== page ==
3.2.2.

Sampling logistics

Maximum distances that would be driven by boats varied by 25% (Table 3). Maximum travel distances for population esti-

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Table 2 – Average bias and associated coefficients of variation (CV) in population size and trend estimates for two offshore distribution combinations (50% nearshore/50% midshore and 50% nearshore/50% offshore) and two along-shore distributions (uniform and clumped) Transect layout (CV)

Nearshore/midshore Uniform Population

Trend

Nearshore/offshore

Clumped Population

Trend

Uniform Population

Trend

Clumped Population

Trend

Unstratified 10 random (8 km) Zigzag

−31 (0.35) −33 (0.16)

0.9 (0.25) 0.9 (0.12)

−24 (0.45) −34 (0.18)

0.8 (0.30) 0.9 (0.13)

−54 (0.30) −52 (0.17)

1.8 (0.21) 2.7 (0.13)

−50 (0.38) −55 (0.18)

2.9 (0.27) 2.2 (0.13)

Stratified 3 nearshore/1 offshore (20 km) 7 nearshore/3 offshore (8 km) 2 nearshore/2 offshore (20 km) 5 nearshore/5 offshore (8 km) Zigzag

−17 (0.27) −15 (0.20) −14 (0.26) −22 (0.20) 7 (0.13)

1.1 (0.18) 0.4 (0.14) 1.1 (0.18) 0.8 (0.14) −0.4 (0.10)

−17 (0.32) −16 (0.25) −19 (0.38) −17 (0.32) −28 (0.17)

0.7 (0.21) 0.8 (0.17) 0.4 (0.26) 1.0 (0.22) 0.8 (0.13)

−48 (0.27) −43 (0.21) −43 (0.25) −47 (0.20) −26 (0.16)

2.1 (0.18) 2.3 (0.15) 2.2 (0.18) 1.5 (0.14) 0.9 (0.12)

−51 (0.31) −46 (0.25) −49 (0.34) −46 (0.28) −37 (0.18)

2.0 (0.20) 1.3 (0.17) 1.7 (0.24) 2.3 (0.19) 2.4 (0.14)

Bias in population size was calculated as average number of birds estimated for the first year minus the actual population size (1000). Bias in the trend was calculated as the average estimated slope minus the true slope (47.3 birds lost per year) of the linear regression of the estimated annual average number of birds over 10 years for a 6% annual decline. Calculations were based on 10 sampling days per year.

Table 3 – Number of transect segments, segment length, distance surveyed, and maximum boat driving distance for each sampling design Sampling design

Population indices 550 m 950 m Population estimators Unstratified 10 random Zigzag Stratified 3 nearshore/1 offshore 2 nearshore/2 offshore 7 nearshore/3 offshore 5 nearshore/5 offshore Zigzag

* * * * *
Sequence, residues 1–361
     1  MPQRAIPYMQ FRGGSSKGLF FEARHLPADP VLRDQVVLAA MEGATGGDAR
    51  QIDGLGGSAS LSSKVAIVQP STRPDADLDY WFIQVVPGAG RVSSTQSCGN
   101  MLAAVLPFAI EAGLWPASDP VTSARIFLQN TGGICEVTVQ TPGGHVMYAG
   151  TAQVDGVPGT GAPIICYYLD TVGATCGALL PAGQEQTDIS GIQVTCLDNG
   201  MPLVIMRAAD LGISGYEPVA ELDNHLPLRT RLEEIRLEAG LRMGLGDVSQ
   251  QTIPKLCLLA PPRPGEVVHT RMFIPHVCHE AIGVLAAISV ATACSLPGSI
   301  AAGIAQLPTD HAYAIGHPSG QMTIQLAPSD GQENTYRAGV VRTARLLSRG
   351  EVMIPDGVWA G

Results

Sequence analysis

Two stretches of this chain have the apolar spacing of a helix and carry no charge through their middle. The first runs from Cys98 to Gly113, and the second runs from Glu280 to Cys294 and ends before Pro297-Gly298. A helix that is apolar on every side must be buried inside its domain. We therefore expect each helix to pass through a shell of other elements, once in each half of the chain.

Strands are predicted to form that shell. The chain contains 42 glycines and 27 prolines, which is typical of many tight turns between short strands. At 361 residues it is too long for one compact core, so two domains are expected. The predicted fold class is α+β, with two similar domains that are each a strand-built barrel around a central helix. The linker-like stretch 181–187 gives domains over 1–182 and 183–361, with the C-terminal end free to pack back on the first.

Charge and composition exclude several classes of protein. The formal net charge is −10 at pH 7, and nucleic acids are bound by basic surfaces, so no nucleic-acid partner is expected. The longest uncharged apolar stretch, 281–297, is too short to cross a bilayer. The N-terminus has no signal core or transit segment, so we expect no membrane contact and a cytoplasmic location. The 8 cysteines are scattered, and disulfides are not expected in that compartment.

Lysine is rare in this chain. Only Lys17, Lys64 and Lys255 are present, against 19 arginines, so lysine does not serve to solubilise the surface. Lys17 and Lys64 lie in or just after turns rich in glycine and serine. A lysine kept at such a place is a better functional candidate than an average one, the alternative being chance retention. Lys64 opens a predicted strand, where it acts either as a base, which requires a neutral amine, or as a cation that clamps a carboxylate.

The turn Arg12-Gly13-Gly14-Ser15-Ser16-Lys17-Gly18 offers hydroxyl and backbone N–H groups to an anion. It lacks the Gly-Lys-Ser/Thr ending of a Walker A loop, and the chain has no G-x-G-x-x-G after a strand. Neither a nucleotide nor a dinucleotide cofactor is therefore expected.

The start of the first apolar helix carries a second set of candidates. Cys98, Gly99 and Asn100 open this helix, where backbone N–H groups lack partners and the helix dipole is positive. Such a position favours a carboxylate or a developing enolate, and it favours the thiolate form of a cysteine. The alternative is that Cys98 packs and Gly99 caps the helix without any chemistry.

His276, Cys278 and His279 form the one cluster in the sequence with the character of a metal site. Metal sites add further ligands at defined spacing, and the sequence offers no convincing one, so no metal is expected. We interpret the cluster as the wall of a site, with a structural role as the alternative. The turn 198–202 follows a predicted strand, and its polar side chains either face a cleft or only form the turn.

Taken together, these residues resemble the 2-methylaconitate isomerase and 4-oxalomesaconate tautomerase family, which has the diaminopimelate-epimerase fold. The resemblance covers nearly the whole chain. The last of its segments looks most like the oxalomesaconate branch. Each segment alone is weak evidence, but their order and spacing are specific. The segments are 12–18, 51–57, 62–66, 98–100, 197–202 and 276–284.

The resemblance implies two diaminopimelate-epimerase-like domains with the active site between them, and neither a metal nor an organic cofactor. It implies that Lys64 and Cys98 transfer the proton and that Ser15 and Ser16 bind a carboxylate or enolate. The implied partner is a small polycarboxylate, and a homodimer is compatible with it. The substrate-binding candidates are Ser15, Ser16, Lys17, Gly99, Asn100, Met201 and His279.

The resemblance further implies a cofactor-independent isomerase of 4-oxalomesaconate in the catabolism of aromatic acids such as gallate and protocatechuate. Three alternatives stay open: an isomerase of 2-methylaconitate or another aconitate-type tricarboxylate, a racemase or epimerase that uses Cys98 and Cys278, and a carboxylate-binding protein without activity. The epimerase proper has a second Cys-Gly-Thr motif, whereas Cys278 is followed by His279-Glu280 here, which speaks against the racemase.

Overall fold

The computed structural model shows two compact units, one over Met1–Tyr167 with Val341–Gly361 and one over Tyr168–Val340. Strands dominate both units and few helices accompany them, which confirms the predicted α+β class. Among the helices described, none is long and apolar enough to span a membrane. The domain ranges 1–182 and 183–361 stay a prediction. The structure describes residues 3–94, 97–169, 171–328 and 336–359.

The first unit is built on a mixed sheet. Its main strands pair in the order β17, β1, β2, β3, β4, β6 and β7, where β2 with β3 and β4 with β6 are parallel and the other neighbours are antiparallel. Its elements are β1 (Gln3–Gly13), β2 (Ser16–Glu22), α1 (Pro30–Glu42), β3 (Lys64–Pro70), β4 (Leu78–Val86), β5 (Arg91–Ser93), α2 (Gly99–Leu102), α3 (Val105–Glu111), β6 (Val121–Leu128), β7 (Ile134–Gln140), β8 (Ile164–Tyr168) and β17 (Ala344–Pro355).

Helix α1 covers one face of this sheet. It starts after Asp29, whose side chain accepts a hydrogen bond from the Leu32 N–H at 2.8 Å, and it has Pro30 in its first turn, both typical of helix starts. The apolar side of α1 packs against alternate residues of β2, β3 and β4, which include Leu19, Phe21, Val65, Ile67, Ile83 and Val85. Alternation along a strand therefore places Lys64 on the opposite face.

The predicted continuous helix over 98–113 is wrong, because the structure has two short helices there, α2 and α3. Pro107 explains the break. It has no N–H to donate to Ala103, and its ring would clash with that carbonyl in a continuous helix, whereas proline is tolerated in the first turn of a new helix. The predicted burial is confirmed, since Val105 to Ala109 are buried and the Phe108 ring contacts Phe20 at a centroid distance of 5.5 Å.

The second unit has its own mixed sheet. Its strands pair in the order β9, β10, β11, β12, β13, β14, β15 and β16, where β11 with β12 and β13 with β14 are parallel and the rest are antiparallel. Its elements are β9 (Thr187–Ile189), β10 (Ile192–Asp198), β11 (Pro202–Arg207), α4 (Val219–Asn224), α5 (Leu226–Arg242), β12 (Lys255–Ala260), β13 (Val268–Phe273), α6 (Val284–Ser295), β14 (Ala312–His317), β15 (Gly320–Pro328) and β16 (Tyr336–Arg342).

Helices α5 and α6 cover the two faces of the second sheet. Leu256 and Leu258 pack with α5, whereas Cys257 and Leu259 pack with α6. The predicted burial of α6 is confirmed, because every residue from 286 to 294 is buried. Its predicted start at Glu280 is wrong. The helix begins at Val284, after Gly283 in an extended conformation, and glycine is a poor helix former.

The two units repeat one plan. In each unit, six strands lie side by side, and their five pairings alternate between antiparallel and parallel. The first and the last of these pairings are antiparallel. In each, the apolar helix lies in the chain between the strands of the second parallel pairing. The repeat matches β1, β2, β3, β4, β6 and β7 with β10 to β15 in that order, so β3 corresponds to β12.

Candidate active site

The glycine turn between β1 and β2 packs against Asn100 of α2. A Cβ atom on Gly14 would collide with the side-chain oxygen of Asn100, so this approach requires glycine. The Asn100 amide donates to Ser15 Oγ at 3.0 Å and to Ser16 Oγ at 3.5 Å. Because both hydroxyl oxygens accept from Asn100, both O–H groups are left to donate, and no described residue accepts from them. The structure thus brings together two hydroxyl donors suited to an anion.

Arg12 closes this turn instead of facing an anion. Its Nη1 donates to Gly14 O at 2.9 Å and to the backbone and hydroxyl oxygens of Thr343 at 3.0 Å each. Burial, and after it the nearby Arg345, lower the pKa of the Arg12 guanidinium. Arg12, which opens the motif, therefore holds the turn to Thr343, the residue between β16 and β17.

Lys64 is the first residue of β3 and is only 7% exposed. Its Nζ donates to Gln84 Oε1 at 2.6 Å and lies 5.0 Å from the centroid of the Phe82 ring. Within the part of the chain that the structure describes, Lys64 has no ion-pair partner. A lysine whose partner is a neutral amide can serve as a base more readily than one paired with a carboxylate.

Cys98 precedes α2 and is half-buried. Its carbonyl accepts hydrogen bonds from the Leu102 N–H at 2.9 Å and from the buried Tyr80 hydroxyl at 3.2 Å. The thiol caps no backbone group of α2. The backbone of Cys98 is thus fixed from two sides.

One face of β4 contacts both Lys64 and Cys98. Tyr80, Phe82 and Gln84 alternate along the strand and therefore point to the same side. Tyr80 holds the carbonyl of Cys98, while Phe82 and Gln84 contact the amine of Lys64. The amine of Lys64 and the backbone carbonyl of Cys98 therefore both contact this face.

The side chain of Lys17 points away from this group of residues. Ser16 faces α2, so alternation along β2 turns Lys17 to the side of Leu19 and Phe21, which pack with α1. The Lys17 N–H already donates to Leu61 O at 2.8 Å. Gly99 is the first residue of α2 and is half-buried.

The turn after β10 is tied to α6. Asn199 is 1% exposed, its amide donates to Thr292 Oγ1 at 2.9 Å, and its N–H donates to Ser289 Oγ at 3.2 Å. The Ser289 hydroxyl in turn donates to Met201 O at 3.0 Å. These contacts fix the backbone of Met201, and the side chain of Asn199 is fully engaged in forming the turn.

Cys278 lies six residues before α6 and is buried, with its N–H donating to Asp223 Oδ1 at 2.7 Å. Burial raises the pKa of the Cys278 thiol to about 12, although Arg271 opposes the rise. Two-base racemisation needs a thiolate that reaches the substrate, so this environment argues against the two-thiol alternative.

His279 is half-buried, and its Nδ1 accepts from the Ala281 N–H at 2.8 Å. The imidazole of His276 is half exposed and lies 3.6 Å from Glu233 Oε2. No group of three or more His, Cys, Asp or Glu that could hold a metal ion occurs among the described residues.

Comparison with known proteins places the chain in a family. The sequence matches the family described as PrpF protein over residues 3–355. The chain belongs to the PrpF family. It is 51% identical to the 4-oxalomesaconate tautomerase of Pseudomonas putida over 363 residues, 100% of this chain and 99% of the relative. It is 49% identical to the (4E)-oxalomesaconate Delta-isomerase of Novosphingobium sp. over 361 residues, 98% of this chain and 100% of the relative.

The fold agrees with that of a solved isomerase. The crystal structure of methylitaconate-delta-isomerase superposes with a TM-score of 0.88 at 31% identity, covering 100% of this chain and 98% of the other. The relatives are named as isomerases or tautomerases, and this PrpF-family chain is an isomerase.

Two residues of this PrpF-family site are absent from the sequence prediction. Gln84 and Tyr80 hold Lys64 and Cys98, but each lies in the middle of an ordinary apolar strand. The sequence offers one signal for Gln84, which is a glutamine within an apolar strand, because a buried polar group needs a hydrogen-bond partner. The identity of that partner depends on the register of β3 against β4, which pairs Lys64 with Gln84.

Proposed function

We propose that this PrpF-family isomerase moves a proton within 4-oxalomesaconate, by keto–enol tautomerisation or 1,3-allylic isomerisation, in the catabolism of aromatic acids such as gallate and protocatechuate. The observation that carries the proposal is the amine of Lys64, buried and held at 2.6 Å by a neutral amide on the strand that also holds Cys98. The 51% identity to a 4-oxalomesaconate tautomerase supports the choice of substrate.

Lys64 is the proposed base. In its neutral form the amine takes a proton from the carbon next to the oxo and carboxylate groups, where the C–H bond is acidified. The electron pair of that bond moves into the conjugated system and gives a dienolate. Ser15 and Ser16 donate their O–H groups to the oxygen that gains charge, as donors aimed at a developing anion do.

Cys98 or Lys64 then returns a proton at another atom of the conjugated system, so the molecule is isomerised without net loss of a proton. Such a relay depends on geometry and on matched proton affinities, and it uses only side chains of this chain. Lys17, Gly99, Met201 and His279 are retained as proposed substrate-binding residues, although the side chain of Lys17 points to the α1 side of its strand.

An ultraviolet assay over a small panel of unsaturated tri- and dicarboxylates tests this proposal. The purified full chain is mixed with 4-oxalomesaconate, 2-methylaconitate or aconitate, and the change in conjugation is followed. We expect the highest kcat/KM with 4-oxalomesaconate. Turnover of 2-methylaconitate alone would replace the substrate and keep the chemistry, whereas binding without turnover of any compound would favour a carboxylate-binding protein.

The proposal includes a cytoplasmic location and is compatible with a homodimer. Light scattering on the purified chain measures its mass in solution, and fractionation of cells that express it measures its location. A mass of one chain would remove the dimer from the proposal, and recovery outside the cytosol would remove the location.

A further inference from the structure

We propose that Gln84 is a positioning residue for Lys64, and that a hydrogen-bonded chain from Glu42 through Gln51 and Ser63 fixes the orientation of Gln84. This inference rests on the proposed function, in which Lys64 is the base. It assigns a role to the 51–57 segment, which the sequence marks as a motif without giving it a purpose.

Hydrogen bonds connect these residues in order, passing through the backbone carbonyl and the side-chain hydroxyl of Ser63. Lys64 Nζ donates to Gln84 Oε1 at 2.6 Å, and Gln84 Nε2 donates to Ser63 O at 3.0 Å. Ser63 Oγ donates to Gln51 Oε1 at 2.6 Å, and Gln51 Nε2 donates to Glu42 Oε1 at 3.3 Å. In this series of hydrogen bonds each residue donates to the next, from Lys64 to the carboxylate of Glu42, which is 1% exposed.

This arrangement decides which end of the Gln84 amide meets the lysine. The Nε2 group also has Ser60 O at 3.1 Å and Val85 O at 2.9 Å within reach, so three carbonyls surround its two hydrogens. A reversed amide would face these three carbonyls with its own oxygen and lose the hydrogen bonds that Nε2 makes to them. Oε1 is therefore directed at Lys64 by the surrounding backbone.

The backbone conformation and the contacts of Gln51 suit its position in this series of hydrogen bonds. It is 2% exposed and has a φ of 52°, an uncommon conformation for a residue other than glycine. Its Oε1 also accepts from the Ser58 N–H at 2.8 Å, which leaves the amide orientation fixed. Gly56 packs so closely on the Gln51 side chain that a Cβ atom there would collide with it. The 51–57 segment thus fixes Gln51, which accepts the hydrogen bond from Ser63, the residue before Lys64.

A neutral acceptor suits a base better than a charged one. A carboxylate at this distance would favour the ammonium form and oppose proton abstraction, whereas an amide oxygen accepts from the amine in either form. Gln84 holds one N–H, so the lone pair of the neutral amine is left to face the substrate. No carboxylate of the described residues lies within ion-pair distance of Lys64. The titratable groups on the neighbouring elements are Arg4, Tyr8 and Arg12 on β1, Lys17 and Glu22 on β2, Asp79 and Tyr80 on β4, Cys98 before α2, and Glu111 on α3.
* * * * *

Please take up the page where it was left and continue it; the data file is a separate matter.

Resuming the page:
Number of transect segments

Segment length (km)

Maximum travel distance (km)

1 1

80 80

80 80

80 80

10 1

8 83

80 83

102 83

4 4 10 10 1

20 20 8 8 82

80 80 80 80 82

86 87 97 102 82

mators were always higher than for indices because population estimators used few to many short transect segments and placed them both near and offshore. Travel distance was only slightly greater for zigzags than for index designs. Distance traveled increased from the actual distance surveyed by a maximum of 10% for population-estimating designs with long transects (2 nearshore/2 offshore and 3 nearshore/1 offshore) and by a maximum of 20% for designs with short transects (7 nearshore/3 offshore, 5 nearshore/5 offshore, and 10 random).

4.

Distance surveyed (km)

Discussion

To evaluate sampling schemes for Marbled Murrelets that are robust to shifting environmental gradients and heterogeneous distributions, we first used historical data to describe offshore and along-shore distribution patterns and how they varied

daily, annually, and regionally. We then used these descriptions to distribute birds in a spatially explicit simulation and compared performance of different sampling designs to detect population declines. A notable result is that certain transect layouts consistently had higher power than others under all environmental conditions and levels of replication. Although previous work has suggested that sampling almost exclusively in high-density areas of a species range can increase power to detect a trend (Gerrodette, 1987; Strayer, 1999; Buckland et al., 2001), we found that transect designs that sampled a range of areas had higher power that those concentrated in the high-density areas. Few studies have specifically looked at how to arrange transects in space to best detect trends in populations with strong environmental heterogeneity characterized by hierarchical sources of variation (e.g., daily, annual, and regional). Below we discuss our results and their implications for the spatial layout of transects under shifting distributions.